From recess appointments to warrantless cellphone searches to Obamacare, the White House lost big this term at SCOTUS.
July 1, 2014
The U.S. Supreme Court went out with a bang on Monday, ending its 2013-2014 term with Justice Samuel Alito's majority opinion in
Burwell v. Hobby Lobby Stores, Inc., in which the Court held that the Patient Protection and Affordable Care Act violated federal law by placing a substantial burden on the exercise of religion when it required two "closely held" private corporations to cover certain forms of birth control in their employee health plans.
It was a painful legal defeat for the Obama administration—and it was not the only such defeat in recent days. In fact, in the past month alone, the White House has suffered a series of embarrassing losses at the Supreme Court, where it failed to prevail on issues ranging from the scope of the Fourth Amendment to the limits of executive power. To make matters worse, the president lost all but one of those cases by a vote of 9-0. Here's a quick recap of Obama's dismal finish this year at the Supreme Court.
Bond v. United States
Obama's troubles began on June 2 with the Supreme Court's unanimous ruling in Bond v. United States. At issue was the criminal prosecution of a woman named Carol Ann Bond, who was
to six years in federal prison under the Chemical Weapons Implementation Act for smearing two toxic substances on the mailbox, door knob, and car door of a woman who had been carrying on an affair with Bond's husband. The victim suffered only a minor burn to her hand.
According to the Obama administration, however, federal prosecutors were fully justified in treating this soap opera-like crime as a chemical weapons attack thanks to the executive branch's broad power to make and enforce treaties with foreign governments, including the Chemical Weapons Convention.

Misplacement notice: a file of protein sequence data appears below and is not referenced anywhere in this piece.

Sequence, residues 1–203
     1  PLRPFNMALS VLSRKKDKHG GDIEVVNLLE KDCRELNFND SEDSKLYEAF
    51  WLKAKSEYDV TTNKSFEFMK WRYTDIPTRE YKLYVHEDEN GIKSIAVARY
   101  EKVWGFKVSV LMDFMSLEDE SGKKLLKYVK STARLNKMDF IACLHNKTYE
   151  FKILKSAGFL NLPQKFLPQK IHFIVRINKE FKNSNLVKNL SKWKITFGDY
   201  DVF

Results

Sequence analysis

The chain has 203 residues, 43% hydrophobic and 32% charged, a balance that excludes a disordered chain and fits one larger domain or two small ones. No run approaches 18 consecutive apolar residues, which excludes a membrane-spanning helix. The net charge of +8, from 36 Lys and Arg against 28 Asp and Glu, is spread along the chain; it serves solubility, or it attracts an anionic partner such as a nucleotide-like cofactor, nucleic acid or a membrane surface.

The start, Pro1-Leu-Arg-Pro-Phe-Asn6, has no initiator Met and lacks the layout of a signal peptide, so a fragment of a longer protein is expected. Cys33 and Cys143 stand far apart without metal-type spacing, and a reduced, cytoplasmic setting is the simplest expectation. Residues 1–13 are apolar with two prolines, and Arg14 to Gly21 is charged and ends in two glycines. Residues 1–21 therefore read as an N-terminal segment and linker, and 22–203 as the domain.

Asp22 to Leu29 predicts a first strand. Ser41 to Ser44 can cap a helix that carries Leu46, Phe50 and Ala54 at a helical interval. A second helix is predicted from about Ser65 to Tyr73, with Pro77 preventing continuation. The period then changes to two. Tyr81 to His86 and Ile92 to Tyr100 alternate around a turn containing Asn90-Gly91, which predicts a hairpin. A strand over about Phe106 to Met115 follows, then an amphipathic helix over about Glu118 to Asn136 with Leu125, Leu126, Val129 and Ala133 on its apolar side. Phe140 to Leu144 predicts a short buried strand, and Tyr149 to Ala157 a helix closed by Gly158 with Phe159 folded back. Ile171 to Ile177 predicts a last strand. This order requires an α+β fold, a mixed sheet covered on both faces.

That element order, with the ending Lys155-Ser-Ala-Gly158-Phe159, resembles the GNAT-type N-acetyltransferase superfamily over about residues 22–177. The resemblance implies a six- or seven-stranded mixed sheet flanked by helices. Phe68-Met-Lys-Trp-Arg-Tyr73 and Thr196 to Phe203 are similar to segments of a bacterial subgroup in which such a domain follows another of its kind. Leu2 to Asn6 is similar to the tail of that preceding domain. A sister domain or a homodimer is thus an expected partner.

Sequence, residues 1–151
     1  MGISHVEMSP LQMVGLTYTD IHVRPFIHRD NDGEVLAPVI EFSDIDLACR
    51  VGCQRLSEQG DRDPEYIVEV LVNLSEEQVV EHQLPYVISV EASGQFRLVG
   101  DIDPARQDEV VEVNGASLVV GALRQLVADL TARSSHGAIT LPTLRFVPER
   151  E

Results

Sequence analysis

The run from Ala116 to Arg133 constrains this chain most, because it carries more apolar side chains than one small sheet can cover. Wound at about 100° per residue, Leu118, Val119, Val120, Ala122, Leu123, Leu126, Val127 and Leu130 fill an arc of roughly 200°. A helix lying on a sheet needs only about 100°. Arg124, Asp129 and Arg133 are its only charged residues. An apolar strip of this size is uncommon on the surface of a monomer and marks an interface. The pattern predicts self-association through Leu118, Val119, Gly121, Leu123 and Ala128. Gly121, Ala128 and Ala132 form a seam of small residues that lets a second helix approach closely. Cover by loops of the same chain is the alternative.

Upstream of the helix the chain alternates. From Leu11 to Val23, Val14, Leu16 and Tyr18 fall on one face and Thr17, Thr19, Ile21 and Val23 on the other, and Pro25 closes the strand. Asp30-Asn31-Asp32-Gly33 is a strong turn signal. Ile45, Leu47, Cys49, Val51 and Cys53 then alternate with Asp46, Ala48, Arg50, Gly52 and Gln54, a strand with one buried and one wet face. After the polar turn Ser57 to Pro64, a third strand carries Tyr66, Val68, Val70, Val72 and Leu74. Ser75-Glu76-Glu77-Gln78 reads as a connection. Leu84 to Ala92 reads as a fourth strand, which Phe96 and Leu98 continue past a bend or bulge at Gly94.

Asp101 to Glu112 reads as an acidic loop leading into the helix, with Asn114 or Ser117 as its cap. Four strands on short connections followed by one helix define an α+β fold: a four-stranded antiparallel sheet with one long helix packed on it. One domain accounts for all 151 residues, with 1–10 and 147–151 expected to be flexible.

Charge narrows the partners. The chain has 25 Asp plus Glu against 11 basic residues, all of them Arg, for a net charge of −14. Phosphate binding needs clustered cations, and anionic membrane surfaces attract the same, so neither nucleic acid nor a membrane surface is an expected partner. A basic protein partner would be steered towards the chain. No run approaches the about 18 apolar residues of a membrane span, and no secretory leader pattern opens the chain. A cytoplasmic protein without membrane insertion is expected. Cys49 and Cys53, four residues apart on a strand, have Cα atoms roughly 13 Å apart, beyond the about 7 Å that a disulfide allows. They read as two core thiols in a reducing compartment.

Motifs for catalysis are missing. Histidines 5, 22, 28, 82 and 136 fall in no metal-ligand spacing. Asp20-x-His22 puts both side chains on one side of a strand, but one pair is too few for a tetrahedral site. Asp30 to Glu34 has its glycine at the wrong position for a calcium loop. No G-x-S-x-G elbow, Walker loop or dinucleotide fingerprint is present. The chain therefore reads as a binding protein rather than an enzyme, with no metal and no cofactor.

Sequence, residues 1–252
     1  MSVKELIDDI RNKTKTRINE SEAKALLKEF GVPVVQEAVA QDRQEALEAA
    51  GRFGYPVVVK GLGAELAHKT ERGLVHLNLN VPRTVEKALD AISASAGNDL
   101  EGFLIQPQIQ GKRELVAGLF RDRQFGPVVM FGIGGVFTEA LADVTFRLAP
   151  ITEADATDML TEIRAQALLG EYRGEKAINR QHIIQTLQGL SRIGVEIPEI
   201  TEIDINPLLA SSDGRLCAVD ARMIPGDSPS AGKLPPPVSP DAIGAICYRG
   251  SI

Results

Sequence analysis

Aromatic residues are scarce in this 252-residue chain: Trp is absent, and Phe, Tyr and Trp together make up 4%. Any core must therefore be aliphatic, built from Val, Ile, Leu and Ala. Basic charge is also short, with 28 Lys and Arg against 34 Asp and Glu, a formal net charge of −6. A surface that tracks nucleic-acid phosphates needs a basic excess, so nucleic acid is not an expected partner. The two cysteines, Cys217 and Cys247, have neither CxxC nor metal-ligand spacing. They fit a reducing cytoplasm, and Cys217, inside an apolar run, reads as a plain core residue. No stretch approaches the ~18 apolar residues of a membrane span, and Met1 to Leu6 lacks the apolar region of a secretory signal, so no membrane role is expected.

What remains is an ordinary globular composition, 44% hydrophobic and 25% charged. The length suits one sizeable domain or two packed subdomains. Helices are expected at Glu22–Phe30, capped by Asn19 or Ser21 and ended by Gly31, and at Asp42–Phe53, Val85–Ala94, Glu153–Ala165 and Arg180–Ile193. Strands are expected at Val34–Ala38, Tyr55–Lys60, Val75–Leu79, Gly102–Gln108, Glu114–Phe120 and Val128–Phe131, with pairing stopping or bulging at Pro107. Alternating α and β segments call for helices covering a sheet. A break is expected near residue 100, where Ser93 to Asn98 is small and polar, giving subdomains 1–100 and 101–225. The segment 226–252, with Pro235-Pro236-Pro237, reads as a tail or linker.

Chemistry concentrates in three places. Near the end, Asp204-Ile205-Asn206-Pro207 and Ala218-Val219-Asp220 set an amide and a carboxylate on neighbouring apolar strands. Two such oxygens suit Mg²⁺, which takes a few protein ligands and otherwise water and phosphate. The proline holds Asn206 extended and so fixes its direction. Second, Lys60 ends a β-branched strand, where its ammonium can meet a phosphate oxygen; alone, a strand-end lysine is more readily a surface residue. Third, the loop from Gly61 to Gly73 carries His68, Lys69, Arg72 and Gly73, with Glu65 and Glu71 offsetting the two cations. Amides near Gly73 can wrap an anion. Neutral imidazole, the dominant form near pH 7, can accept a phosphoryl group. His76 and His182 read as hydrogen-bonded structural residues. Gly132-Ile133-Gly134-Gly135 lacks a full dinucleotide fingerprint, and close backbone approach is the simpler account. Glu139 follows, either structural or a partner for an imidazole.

But the Supreme Court practically laughed that view out of court. In the words of the Court's unanimous opinion, the White House's "boundless" interpretation of the chemical weapons law "would transform the statute from one whose core concerns are acts of war, assassination, and terrorism into a massive federal anti-poisoning regime that reaches the simplest of assaults." As the Court put it, "There is no reason to think the sovereign nations that ratified the [Chemical Weapons] Convention were interested in anything like Bond's common law assault."
Riley v. California
Three weeks later, on June 25, the Supreme Court once again ruled 9-0 against the Obama administration, this time rejecting the White House's sweeping view that the police should not be required to obtain a warrant before searching the cellphones of individuals they have placed under arrest. "Although cell phones can contain a great deal of personal information,” the Obama administration told the justices in one
legal filing, "so can many other items that officers have long had authority to search, and the search of a cell phone is no more intrusive than other actions that the police may take once a person has been lawfully arrested."
The Supreme Court took the opposite view, endorsing a robust vision of the Fourth Amendment as a key safeguard in our increasingly hi-tech age. "Our answer to the question of what police must do before searching a cell phone seized incident to an arrest is accordingly simple," declared
Chief Justice John Roberts, "get a warrant."
National Labor Relations Board v. Noel Canning
Just 24 hours later, the White House found itself on the receiving end of yet another unanimous Supreme Court benchslap. At issue in National Labor Relations Board v. Noel Canning was President Obama's three purported recess appointments to the National Labor Relations Board in January 2012. The problem with those appointments was that the Senate was not actually in recess at the time—Senate Republicans were then holding pro forma
sessions precisely so that Obama could not legally invoke his recess appointment power. But the president went ahead and made the appointments anyway, triggering a constitutional clash between the executive and legislative branches of the federal government.
In its June 26 decision, the Supreme Court came down 9-0 against the president's one-sided actions. "In our view," declared the majority opinion of Justice Stephen Breyer, an appointee of President Bill Clinton, "the pro forma sessions count as sessions, not as periods of recess." Therefore, "We hold that, for purposes of the Recess Appointments Clause, the Senate is in session when it says it is."
Burwell v. Hobby Lobby Stores, Inc.
Which brings us to Hobby Lobby, Obama's final defeat of the 2013-2014 Supreme Court term. Here, by a vote of 5-4, the Court rejected the administration's claim that Hobby Lobby did not suffer a "substantial" injury under the Religious Freedom Restoration Act when the arts-and-crafts retailer was forced to cover four methods of birth control in its employee health plans that it finds objectionable on religious grounds, such as the emergency contraceptive known as Plan B.